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Agenda item

21/00282/FUL - Elm Gardens, Badgeworth Road, Badgeworth

PROPOSAL: Erection of a two storey side extension, first floor extension, front porch extension and remodelling of bungalow (amended).




19.33        This application was for erection of a two storey side extension, first floor extension, front porch extension and remodelling of bungalow (amended).

19.34        The Planning Officer advised that the site was located to the west of Badgeworth Road and to the north of the A40 within the Green Belt and a public footpath crossed the site from Badgeworth Road to the north-west.  The application proposed substantial extensions to the existing bungalow, resulting in a much larger two-storey dwelling.  The main issues for consideration were whether the resultant dwelling would comply with Green Belt policy; if the extensions would be of an acceptable design and appearance; and consideration of the permitted development fallback position.  The National Planning Policy Framework made clear that development in the Green Belt was inappropriate other than for a limited number of defined purposes; this included extensions and alterations to a dwelling which were not considered inappropriate development provided that it did not result in disproportionate additions over and above the size of the original building.  Notwithstanding this, the application as proposed was considered inappropriate development in the Green Belt.  The fundamental aim of Green Belt policy was to prevent urban sprawl by keeping land permanently open and, by virtue of its increased size and height, the proposed two storey dwelling would have a materially greater impact on openness than the existing bungalow.  As the proposal would be inappropriate development and, by definition, harmful to the Green Belt, the proposal should not be permitted except in very special circumstances.  The applicant had sought to make a very special circumstances case relying on the permitted development fallback position.  Case law had established that permitted development rights could be taken into account as a fallback position where some alternative form of development is then proposed and there was a realistic prospect of those permitted rights being implemented if permission was refused for the alternative proposal.  In this case, prior approval had been granted for an additional upper extension and rear extension and a plan had been submitted to demonstrate how the property could be extended under permitted development rights.  It was considered that the permitted development scheme would result in a functional dwelling and there was a realistic prospect of that being implemented if this application was refused.  The fallback proposal would be 28% larger in floor area and 32% larger in volume than the proposal before Members and would result in a more sprawling form of development with the single storey extensions being more visually prominent.  The applicant’s fallback position had been accepted and given considerable weight in terms of the very special circumstances case.  The dwelling was situated in a large and isolated plot and, in that context, the proposed dwelling was considered to be a suitable scale relative to the plot.  The fallback position would result in a sprawling building of poor design whereas this proposal would have a relatively compact footprint and amended plans had reduced the mass of the roof and the size of the front gable extension to minimise its visual impact.  The proposal would result in a reduced scale and a more considered and consolidated design than the fallback position and the proposed materials were acceptable.  The applicant had agreed to the removal of future permitted development rights and for additional soft landscaping to reduce the visual impact.  It was noted that the proposal would not have an adverse impact in terms of neighbouring amenity and highway safety.  The Planning Officer advised that a public right of way crossed the site from Badgeworth Road to the rear of the bungalow along the northern boundary and the boundary wall prevented access to that from Badgeworth Road - it was not permitted to obstruct or build over a public right of way and diversion was controlled by separate legislation so the applicant would need to seek consent from County Highways.  In summary, whilst the proposed development was inappropriate in the Green Belt, it was considered that very special circumstances had been demonstrated which clearly outweighed the harm to the Green Belt by reason of inappropriateness and any other harm arising from the proposal. As such, the Officer recommendation was to permit the application.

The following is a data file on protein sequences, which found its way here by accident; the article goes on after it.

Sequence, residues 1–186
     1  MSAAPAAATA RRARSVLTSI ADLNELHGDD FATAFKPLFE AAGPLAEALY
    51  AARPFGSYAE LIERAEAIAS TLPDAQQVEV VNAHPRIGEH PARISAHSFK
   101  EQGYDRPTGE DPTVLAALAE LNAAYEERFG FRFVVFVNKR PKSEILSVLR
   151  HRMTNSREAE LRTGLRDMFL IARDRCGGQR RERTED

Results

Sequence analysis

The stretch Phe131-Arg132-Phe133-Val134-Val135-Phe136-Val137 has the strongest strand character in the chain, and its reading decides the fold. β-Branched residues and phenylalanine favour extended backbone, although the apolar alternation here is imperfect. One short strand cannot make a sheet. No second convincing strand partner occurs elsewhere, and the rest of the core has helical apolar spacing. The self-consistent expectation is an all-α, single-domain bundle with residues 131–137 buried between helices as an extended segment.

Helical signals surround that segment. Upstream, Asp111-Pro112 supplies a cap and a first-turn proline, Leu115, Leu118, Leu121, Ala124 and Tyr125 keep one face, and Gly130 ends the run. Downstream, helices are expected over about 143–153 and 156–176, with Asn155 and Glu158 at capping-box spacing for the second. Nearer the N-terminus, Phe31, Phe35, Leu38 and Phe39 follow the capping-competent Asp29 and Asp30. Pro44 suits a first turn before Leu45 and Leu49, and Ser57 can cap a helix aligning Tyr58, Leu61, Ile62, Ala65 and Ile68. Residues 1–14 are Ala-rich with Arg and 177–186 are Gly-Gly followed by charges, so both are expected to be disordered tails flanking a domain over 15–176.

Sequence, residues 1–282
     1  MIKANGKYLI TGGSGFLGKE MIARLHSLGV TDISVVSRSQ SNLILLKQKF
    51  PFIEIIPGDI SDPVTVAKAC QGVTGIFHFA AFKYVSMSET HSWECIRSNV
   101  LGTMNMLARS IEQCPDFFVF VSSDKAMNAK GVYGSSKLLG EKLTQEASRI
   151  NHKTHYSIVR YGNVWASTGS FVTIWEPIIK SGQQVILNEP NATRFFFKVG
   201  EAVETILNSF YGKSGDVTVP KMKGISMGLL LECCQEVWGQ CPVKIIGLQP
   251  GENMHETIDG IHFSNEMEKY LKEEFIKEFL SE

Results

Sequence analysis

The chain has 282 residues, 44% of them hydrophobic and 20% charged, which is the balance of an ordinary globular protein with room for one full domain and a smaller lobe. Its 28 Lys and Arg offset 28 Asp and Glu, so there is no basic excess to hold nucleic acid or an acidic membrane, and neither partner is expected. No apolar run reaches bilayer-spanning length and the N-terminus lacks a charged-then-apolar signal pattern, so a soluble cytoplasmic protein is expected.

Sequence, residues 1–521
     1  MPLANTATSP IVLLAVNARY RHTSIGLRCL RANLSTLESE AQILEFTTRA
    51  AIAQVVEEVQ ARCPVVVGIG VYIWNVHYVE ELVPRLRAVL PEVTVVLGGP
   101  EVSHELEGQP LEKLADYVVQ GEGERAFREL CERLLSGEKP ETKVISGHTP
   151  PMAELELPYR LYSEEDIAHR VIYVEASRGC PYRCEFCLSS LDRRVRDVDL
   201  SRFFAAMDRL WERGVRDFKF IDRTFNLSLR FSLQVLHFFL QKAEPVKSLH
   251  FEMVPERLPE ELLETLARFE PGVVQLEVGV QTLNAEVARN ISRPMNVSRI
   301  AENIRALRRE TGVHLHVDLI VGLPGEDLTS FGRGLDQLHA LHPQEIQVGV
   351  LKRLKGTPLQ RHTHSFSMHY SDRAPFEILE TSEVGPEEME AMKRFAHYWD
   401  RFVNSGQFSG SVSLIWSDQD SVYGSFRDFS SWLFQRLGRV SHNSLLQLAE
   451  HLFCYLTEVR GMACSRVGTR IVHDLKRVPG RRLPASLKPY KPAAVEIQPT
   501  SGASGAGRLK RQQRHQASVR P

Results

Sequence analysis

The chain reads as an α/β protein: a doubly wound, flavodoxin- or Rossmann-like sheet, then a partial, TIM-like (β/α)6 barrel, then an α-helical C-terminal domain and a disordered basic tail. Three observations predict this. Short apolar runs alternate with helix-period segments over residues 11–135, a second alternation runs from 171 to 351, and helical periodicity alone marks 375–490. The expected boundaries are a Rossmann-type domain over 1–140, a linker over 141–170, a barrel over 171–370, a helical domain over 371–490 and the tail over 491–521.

19.35        The Chair indicated that there were no public speakers for this item.  The Officer recommendation was to permit the application and he sought a motion from the floor.  It was proposed and seconded that the application be permitted in accordance with the Officer recommendation.  A Member sought clarification on the very special circumstances case and the Development Manager advised that, in this instance, the fallback position and what could be built under permitted development rights amounted to the very special circumstances required.  The plan at Page No. 177 of the Committee report showed what could be built under permitted development rights and, because of that, Officers considered there were very special circumstances to allow the proposal shown at Page No. 175 of the Committee report to be permitted.  Upon being taken to the vote, it was

RESOLVED          That the application be PERMITTED in accordance with the Officer recommendation.

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